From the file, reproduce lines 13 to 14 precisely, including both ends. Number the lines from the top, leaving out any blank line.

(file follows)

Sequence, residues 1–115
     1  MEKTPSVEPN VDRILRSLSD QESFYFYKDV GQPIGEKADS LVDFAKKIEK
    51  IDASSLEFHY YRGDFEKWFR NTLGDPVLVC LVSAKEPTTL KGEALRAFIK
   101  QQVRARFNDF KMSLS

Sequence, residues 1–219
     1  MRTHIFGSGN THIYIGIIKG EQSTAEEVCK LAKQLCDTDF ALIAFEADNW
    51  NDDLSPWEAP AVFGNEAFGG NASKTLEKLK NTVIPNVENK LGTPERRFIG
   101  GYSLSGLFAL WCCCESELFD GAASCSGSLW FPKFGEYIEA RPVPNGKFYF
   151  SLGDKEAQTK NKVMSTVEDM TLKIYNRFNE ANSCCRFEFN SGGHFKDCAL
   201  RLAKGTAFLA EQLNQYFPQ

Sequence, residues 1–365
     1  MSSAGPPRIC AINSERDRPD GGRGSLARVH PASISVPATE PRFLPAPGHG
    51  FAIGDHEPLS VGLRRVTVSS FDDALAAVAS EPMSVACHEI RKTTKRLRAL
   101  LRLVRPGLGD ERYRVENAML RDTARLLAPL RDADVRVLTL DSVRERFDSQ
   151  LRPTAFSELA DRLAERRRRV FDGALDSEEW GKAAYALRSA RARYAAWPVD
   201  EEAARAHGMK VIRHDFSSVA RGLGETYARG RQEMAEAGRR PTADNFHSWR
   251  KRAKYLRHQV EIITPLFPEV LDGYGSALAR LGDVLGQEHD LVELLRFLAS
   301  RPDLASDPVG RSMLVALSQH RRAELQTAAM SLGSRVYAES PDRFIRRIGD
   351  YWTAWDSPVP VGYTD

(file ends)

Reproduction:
    51  FAIGDHEPLS VGLRRVTVSS FDDALAAVAS EPMSVACHEI RKTTKRLRAL
   101  LRLVRPGLGD ERYRVENAML RDTARLLAPL RDADVRVLTL DSVRERFDSQ